Epic Games turns hundreds of temporary testers into full-fledged employees with benefits


Epic Games hires its US-based temporary workers full-time and with benefits, confirms Epic The edge† The Fortnite developer expands offerings to quality assurance (QA) testers, as well as other “eligible” contract-based workers.

The news first surfaced in an employee-focused memo obtained by The edge† In the memo, the company writes that it will “offer full-time employment at will to eligible temporary workers in the U.S.,” and that “many of those offers will be effective April 4, 2022.” But it also notes that some employees won’t receive the offer, citing “there are a few exceptions where it makes sense for both the employee and Epic to maintain temporary employee status.”

Epic spokesperson Elka Looks told The edge that the game developer will hire “a few hundred” of its contractors, and that “most, but not all” are quality assurance (QA) testers. It appears that all employees will be eligible for the company’s US employee benefits plans and will also be directly employed by Epic Games. The studio currently outsources QA testers and other employees through staffing agencies, including Eastridge, Hays and Nextaff.

Looks also said the company will continue to hire temporary workers for “short-term needs”. She had no additional information to share about the other types of temporary workers (other than the QA testers) that Epic will be hiring, and did not specify which workers are excluded from the offer.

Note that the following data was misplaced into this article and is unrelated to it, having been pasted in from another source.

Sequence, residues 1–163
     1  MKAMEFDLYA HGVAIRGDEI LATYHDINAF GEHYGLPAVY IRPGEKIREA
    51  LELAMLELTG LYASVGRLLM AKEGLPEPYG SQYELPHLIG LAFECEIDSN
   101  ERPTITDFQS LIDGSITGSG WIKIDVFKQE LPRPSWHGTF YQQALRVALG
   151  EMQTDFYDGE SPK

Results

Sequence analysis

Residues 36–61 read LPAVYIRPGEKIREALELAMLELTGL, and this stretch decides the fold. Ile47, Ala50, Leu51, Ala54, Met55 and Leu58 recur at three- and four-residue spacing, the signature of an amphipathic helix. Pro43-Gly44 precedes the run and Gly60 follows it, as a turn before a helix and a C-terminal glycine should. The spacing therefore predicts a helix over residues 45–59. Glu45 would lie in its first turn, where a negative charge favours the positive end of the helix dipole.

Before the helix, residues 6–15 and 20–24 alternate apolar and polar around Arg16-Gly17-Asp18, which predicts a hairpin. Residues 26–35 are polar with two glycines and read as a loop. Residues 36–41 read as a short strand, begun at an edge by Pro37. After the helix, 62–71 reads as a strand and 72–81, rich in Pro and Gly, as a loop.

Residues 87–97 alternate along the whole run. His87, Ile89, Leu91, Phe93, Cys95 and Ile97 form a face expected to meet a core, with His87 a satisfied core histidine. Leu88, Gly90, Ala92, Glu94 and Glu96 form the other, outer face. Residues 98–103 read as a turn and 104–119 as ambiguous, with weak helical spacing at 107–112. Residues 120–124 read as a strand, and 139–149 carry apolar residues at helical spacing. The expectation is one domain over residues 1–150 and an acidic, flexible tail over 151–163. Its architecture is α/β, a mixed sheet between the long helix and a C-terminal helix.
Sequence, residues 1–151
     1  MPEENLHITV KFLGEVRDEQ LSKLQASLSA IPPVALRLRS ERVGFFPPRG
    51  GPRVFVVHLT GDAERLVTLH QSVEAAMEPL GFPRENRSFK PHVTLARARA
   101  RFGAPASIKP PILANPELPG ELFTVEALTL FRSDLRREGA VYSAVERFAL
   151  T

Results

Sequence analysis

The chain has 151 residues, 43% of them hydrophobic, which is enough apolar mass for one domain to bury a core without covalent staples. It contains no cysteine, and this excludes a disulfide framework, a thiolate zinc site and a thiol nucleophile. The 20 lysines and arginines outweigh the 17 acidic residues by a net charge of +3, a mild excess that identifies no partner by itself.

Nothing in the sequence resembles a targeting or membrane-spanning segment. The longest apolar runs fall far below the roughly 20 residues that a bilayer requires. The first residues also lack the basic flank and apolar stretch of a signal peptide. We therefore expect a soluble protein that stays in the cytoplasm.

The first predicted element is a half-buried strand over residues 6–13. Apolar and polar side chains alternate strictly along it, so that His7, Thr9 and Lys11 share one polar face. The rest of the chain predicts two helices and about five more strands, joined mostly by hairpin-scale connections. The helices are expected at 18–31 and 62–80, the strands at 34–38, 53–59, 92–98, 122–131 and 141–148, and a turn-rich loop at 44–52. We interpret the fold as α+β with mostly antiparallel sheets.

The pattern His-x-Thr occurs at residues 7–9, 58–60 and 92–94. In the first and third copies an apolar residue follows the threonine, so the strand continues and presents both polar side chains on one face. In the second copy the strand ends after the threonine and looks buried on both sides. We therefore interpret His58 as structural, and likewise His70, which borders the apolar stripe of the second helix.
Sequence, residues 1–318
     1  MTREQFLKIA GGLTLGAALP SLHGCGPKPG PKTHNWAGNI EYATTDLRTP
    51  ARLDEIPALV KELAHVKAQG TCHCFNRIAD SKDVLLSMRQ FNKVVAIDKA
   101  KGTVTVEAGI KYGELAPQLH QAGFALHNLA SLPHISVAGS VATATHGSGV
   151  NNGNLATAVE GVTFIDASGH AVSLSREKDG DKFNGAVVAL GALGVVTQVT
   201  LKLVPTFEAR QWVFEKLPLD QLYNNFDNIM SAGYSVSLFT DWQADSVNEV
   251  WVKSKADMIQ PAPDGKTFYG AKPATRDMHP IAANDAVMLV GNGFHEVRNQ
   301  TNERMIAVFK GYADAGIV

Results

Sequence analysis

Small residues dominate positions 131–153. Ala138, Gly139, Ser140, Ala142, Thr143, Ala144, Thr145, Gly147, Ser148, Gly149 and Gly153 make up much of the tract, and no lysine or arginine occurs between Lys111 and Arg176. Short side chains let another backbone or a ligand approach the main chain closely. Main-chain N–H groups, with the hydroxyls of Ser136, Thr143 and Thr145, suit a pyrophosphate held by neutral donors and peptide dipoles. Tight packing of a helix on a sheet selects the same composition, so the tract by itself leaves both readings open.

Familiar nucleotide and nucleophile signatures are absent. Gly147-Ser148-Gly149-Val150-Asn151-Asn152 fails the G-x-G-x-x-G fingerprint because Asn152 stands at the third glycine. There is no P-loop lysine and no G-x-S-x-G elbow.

Epic’s move to allow its employees to work full-time on a contract basis comes at a time when tensions between employees and major game development studios are high; not to mention it’s a huge step towards improving working conditions for QA testers and other workers. In December, Activision’s Raven Software fired a dozen QA testers, leading to strikes and later the organization of the Game Workers Alliance.

The gaming industry is known for subjecting employees to incredibly long hours during (sometimes unpaid) periods called “crunch,” and Epic is no exception. In 2019, Epic faced criticism after its employees revealed the long work days needed to maintain the wildly popular battle royale, Fortnite on track with fans’ expectations. Epic Games later closed its studios for two weeks in response to employee concerns.

Last year, Epic Games ended its COVID-era policy of letting employees take off every two Fridays, upsetting employees who say the extra day off is beneficial. A number of independent developers have moved to the four-day workweek, including Young Horses, Crow Crow Crow, Die Gute Fabrik and more.

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